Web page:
The first edition of the anti-drone competition DroneClash promises to be a spectacular event. In a hangar at a former air base nearby The Hague, drones will fly through the Hall of Doom Destruction and Death, trying to protect their Queen Drone and to take out the other, hostile queens. It will be like a 3D Robot Wars. But apart from a great show and lots of fun, DroneClash serves a scientific goal: to stimulate research on counter-drone technology.
“We still lack an integrated solution for counter-drone measures”, Bart Remes tells. Remes is a researcher from the Micro Air Vehicle Lab (MAVLab) of Delft University of Technology, that organises the event. “To successfully take out drones from the sky, you need to develop technology that can detect possible threats, classify those threats and eliminate them in a safe way.”
Not a lot of research is being done on counter-drone technology. Companies are working on it, but they are trying to solve a part of the problem. “For example, Robin Radar Systems is very good in detecting other drones, but has no solution for taking it down to the ground in an efficient way”, Remes says. Delft Dynamics on the other hand, developed a system to grab drones out of the sky, but still lacks the detection and classification.
“There aren’t any companies yet that provide an integrated solution”, Remes tells. By organising DroneClash he hopes to stimulate the research. A total of eight international teams compete in the event. “I can’t disclose too much yet, but they have come up with very creative solutions.” Combined, those teams will provide a lot of valuable academic insights. A total of 50 thousand euros is what the winners can gain.
Remes and his team steer the direction of the research by the way the competition has been set up. For example, teams that grab enemy drones and put them safely in a box score more points than teams that just knocks them out of the air. “In this way, we ensure the focus is on counter-drone measures that are safe.”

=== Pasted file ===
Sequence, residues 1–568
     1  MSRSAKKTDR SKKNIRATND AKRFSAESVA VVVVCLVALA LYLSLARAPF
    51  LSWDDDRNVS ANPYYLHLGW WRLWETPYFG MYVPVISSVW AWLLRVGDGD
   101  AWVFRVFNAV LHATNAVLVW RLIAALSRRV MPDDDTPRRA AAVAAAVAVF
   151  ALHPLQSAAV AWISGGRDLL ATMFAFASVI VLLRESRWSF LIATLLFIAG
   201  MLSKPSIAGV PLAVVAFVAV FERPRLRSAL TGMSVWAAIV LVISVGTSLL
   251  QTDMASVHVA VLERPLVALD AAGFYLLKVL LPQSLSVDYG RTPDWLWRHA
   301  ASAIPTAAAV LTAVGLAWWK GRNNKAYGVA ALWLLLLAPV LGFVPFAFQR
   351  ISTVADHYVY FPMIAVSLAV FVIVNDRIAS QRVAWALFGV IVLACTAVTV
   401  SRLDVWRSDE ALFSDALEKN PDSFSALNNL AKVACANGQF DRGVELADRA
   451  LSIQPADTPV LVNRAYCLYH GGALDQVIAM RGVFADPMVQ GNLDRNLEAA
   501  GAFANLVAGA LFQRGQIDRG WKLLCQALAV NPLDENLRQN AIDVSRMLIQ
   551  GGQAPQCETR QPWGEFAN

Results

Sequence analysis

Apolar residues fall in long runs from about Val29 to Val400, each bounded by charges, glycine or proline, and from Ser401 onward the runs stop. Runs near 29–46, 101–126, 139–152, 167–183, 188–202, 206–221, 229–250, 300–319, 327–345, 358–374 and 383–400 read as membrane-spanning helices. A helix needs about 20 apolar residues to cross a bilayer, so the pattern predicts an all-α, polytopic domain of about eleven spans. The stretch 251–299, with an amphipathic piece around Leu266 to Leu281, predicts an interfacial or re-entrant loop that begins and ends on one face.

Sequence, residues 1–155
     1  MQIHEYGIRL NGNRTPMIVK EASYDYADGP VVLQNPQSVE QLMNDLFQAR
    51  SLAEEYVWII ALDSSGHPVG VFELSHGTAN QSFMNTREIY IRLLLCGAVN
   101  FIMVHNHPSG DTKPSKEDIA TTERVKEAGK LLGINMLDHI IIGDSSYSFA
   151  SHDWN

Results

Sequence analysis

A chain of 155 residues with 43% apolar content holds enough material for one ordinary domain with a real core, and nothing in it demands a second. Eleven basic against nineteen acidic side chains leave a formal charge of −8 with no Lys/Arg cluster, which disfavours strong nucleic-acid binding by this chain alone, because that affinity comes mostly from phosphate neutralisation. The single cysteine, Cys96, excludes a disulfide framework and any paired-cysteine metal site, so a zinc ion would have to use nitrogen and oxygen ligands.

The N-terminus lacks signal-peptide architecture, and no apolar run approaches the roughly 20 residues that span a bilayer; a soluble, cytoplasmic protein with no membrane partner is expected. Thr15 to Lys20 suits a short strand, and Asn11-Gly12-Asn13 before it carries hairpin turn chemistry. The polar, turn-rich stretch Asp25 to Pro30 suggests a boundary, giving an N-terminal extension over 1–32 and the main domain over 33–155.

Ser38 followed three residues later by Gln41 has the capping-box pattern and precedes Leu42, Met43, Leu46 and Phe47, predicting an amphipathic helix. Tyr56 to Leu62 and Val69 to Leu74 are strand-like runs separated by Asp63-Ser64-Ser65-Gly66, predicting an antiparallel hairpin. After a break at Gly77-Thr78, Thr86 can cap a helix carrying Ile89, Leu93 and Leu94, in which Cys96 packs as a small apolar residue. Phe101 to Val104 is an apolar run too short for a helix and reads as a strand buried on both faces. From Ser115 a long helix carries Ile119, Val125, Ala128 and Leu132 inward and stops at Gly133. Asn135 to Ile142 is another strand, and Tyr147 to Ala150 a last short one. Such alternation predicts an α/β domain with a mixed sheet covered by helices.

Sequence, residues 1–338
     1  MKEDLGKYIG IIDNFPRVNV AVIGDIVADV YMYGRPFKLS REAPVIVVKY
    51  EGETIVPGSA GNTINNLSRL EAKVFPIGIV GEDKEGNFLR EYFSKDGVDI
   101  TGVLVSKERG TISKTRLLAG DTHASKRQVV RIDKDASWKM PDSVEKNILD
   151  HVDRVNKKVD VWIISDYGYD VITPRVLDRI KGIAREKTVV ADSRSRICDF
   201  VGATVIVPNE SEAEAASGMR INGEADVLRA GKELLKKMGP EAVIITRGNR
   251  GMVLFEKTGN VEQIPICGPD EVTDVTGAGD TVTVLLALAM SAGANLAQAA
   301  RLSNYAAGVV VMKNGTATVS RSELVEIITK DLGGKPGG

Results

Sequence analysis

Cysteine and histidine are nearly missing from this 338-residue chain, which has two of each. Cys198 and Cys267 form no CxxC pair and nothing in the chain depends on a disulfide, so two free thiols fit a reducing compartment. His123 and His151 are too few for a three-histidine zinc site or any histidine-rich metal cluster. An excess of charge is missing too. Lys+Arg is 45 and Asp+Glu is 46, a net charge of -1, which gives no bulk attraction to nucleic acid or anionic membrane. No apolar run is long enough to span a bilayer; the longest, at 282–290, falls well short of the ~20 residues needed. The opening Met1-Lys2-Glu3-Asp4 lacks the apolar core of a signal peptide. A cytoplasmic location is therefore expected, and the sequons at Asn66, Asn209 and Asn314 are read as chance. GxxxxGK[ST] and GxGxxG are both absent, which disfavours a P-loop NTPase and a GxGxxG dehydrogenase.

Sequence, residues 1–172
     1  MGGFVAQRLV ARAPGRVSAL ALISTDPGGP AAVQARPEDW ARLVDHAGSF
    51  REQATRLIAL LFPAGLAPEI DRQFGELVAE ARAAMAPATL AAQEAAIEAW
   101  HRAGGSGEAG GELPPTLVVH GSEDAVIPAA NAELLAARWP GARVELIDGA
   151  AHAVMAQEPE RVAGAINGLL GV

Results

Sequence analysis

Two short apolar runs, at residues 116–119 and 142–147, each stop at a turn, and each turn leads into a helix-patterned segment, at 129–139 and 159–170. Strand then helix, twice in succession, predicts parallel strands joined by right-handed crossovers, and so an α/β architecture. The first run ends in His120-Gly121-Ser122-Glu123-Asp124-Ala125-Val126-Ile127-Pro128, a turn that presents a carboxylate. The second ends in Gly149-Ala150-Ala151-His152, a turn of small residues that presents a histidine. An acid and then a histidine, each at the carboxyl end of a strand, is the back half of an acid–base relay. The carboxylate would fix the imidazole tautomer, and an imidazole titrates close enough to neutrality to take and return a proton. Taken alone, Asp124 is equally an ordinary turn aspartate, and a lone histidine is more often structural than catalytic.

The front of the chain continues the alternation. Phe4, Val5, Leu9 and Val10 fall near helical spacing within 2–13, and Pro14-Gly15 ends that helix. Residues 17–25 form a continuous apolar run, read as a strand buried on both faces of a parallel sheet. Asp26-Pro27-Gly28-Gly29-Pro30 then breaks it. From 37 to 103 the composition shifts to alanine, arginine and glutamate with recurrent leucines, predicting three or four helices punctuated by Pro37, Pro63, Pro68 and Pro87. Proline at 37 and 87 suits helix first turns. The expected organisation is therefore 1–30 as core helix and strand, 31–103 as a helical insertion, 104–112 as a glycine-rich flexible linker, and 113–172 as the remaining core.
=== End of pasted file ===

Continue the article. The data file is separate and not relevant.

Why counter-drone technology is important
The main reason the MAVLab organises this event is a societal one. “At the MAVLab we conduct a lot of research on drones”, Remes says. “We believe they will be strongly integrated in society. Think of drones that deliver packages, drones that inspect the land of farmers. All these kinds of drones will show up.”
“But in order to make sure that society accepts drones flying around, we must ensure there will be places where drones aren’t allowed”, he continues. For example, when a building is on fire, you don’t want any drones flying around so to make sure a police or ambulance helicopter can land safely. Or think of airports: you don’t want drones flying around planes that take off or land. That’s why you need counter-drone technology.
To achieve this it is important to involve other stakeholders as well. Remes set up a ‘counter-drone coalition’, in which government agencies, companies and end-users come together to discuss current developments on drones. DroneClash is part of this agenda. The ministry of Justice and Security is a partner of the event, as well as the National Police.
On a corporate level, the number of companies working on counter-drone technology is ‘exploding’, Remes says. Not without reason, DroneClash is a side event of TUS Expo and visitors can visit the ClashExpo as well, where companies will showcase their latest anti-drone measures and give live demos.
The MAVLab does not yet do fundamental research on counter-drone technology. Remes hopes to get funding for it out of DroneClash. “We already do a lot of research on ‘sense and avoid’, whereby drones have to fly around obstacles”, he states. “Basically, counter-drone technology is reversing this: instead of avoiding obstacles you try to grab them.”
Unmanned Valley Valkenburg
DroneClash and the ClashExpo take place at Unmanned Valley Valkenburg. This former air base near The Hague is currently being transformed into a testing ground for drones and unmanned vehicles.